abstracted & translated by
Bob Flaws, L.Ac.
On pages 29030 of issue #5, 2010 of Shan Xi Zhong Yi (Shanxi Chinese Medicine), Chen Yi-jun et al. published an article titled, “Clinical Observations on the Treatment of Premature Ovarian Failure with Moxibustion Combined with Chinese Medicinals.” A summary of this article is presented below.
Thirty-eight cases of POF were enrolled in this cohort study. All met the diagnostic criteria for POF found in Shi Yong Fu Ke Xue (Practical Gynecology, Beijing, 2001, p. 781). Besides key symptoms, such as amenorrhea or scanty menstruation, these women’s estradiol (E2) was low, while their follicle-stimulating hormone (FSH) and luteinizing hormone (LH) were high. In addition, their basal body temperature (BBT) graphs were monophasic. These women were all 28-38 years of age, with an average age of 32.3 years. Their disease course had lasted from six months to 2.5 years, with an average duration of 2.2 years.
Moxibustion consisted of Artemisia moxa applied once every other day at Shen Shu (Bl 23), Pi Shu (Bl 20), Qi Hai (CV 6), and Zu San Li (St 36). After every 10th treatment, a 2-3 day rest was allowed.
The Chinese medicinal formula used consisted of:
Xian Ling Pi (Herba Epimedii)
Ba Ji Tian (Radix Morindae Officinalis)
Tu Si Zi (Semen Cuscutae)
Nu Zhen Zi (Fructus Ligustri Lucidi)
uncooked Huang Qi (Radix Astragali)
Shu Di Huang (cooked Radix Rehmanniae)
Shan Yao (Radix Dioscoreae Oppositae)
Dang Shen (Radix Codonopsis), 15g each
Bai Zhu (Rhizoma Atractylodis Macrocephalae)
Bai Shao (Radix Alba Paeoniae)
Dang Gui (Radix Angelicae Sinensis), 12g each
Zi He Che (Placenta Hominis), swallowed with the decoction
Xian Mao (Rhizoma Curculiginis)
Bu Gu Zhi (Fructus Psoraleae), 10g each
Mu Dan Pi (Cortex Moutan)
Ze Xie (Rhizoma Alismatis), 6g each
If there was more severe yang vacuity, processed Fu Zi (Radix Lateralis Praeparata Aconiti) and Rou Gui (Cortex Cinnamomi) were added.
If there was more severe yin vacuity, Huang Jing (Rhizoma Polygonati) was added.
If there was torpid intake, scorched San Xian (Three Immortals, i.e., Shan Zha [Fructus Crataegi], Shen Qu [Massa Medica Fermentata], and Mai Ya [Fructus Germinatus Hordei]) and Ji Nei Jin (Endothelium Corneum Gigeriae Galli) were added.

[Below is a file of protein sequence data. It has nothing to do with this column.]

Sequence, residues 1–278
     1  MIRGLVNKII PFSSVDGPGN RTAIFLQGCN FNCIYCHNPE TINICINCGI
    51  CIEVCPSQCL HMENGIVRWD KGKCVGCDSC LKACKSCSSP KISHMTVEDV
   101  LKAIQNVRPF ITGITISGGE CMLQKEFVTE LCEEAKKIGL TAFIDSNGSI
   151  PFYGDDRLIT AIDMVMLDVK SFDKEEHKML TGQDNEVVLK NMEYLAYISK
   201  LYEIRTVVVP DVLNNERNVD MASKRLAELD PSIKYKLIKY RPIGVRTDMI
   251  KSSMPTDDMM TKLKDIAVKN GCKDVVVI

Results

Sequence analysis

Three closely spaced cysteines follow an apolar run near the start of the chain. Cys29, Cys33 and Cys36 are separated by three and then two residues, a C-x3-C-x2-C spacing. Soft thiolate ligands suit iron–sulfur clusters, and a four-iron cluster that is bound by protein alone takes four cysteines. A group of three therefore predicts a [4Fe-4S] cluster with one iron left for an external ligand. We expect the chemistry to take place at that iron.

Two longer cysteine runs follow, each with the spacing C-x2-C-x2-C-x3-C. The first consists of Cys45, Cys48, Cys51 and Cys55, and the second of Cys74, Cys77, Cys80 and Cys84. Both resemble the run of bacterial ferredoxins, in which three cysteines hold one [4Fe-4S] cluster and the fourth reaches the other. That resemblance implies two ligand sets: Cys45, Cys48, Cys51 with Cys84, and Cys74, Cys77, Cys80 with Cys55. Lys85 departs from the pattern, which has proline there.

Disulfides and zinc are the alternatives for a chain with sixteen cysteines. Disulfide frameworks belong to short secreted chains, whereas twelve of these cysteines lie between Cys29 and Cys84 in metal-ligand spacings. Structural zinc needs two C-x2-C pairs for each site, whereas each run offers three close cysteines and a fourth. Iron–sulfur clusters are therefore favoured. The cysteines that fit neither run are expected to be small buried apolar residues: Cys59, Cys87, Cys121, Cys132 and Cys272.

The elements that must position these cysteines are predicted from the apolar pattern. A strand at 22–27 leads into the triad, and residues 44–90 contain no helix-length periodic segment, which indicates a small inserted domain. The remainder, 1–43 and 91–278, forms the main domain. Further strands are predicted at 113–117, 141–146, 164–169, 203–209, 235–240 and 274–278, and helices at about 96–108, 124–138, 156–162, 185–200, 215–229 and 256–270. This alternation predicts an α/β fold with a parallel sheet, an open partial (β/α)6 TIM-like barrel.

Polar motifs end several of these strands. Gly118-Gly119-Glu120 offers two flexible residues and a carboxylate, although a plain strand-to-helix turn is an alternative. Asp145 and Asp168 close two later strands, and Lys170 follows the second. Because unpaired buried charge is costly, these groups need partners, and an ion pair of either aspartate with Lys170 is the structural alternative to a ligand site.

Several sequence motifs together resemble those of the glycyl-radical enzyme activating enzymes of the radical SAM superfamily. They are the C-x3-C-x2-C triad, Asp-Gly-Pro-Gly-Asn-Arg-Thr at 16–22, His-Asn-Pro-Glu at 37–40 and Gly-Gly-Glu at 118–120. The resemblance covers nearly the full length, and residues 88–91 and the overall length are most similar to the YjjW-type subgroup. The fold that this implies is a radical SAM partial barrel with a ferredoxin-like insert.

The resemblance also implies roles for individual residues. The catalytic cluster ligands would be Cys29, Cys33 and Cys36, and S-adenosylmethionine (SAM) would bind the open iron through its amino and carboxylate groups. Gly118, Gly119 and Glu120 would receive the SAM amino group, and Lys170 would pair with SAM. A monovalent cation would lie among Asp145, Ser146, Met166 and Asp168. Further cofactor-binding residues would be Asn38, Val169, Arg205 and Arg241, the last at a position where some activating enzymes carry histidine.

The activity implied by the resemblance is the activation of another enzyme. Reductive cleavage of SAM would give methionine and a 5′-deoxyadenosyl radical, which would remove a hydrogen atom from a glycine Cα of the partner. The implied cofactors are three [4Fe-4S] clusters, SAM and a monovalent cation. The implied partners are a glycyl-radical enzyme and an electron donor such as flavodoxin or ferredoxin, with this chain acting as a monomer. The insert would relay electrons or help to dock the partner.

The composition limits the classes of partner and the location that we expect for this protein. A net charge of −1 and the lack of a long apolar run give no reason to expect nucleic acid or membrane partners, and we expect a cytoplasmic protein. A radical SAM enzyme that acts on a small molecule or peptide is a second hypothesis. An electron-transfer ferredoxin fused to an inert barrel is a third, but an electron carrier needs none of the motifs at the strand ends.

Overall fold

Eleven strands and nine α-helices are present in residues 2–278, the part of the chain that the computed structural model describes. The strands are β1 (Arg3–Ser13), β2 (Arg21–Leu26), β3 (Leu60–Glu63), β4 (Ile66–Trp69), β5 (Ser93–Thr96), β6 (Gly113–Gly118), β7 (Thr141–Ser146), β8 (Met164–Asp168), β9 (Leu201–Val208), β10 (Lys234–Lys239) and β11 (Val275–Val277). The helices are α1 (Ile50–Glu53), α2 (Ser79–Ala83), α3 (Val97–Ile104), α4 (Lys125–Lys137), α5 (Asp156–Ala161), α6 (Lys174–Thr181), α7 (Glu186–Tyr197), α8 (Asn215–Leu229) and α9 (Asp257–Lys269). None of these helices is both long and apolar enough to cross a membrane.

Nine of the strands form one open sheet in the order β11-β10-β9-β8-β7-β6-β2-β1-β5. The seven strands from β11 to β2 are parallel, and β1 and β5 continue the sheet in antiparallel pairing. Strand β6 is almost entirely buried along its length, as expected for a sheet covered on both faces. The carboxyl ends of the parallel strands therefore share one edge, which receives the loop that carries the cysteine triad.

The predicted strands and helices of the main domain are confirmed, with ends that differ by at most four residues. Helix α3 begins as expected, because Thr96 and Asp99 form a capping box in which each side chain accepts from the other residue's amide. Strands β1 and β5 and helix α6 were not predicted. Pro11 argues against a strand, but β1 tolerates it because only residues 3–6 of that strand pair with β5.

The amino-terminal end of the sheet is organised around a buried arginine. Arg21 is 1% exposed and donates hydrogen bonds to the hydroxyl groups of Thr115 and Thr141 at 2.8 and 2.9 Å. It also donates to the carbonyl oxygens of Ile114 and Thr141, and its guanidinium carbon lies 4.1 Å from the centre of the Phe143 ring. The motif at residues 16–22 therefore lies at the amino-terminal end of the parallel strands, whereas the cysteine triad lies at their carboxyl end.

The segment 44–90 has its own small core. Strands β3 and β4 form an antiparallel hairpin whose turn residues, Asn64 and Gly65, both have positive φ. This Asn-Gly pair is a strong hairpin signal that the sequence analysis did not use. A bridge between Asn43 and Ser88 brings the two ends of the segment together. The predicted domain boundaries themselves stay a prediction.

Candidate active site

If sleep was poor, stir-fried Suan Zao Ren (Semen Zizyphi Spinosae), Bai Zi Ren (Semen Platycladi), and He Huan Pi (Cortex Albiziae) were added.
If sweating was profuse, Fu Xiao Mai (Fructus Levis Tritici Aestivi) was added.
One packet of these medicinals was decocted in water two time and administered in two divided doses, morning and evening, with three months equaling one course of treatment.
Cure meant that menstruation came and continued to come normally for three months, clinical symptoms disappeared, the BBT returned to a normal bi-phasic graph, and serum sex hormones returned to within normal parameters. Improvement meant that menstruation came but did not return to its normal periodicity, clinical symptoms decreased, the BBT became bi-phasic, and serum sex hormone levels markedly improved. No effect meant that the menstruation did not return, symptoms did not disappear, and serum sex hormones did not markedly change. Based on these criteria, 14 cases were judged cured, 20 case improved, and four cases got no effect, for a total effectiveness rate of 89.5%.
According to the authors of this study, this disease is located in the three viscera of the kidneys, liver, and spleen, but most importantly is related to the kidneys. Its disease mechanisms are kidney depletion, liver depression, spleen vacuity, and loss of regulation of the qi and blood of the chong and ren. Therefore, its treatment principles should be to enrich the kidneys and fortify the spleen, course the liver, resolve depression, harmonize, regulate, and rectify the chong and ren, supplement the kidneys to secure the former heaven, fortify the spleen to enrich the source of transformation and engenderment of the qi and blood and supplement and bank latter heaven.
Within the above formula, Xian Ling Pi and Xian Mao supplement the kidneys and invigorate yang. They also warm yang but do not damage yin. Tu Si Zi is an essential medicinal for warming and supplementing kidney yang. It also boosts the kidney qi and fills essence and marrow. Zi He Che is “a bloody, meaty natured ingredient that can greatly supplement the original qi.” Shu Di Huang nourishes the blood and regulates menstruation. Ba Ji Tian is an essential kidney-supplementing medicinal. Huang Qi, Dang Shen, and Bai Zhu boost the qi and fortify the spleen. Shan Yao fortifies the spleen and assists movement. It also prevents the other supplementing medicinals’ enriching sliminess from blocking the stomach. Ze Xie and Dan Pi likewise prevent the enriching sliminess of yin-supplementing medicinals, such as Shu Di Huang.
Moxibustion on Shen Shu, Pi Shu, Qi Hai, and Zu San Li regulates and rectifies the spleen and kidneys, supplements and boosts the kidney qi in order to strengthen and assist the body’s righteous qi, regulate and supplement the qi and blood, warm and free the flow of the blood vessels.
The authors close their article by saying that patients with POF should eat a clear, bland diet and should avoid acrid, peppery, stimulating foods. They should also regulate their lifestyle to avoid over-taxation while getting adequate physical exercise. In particular, they should guard their mind and emotions, trying to stay as happy and positive as possible. When these kinds of dietary and lifestyle modifications are combined with the above medical and physical therapies, the chances of success are significantly better.
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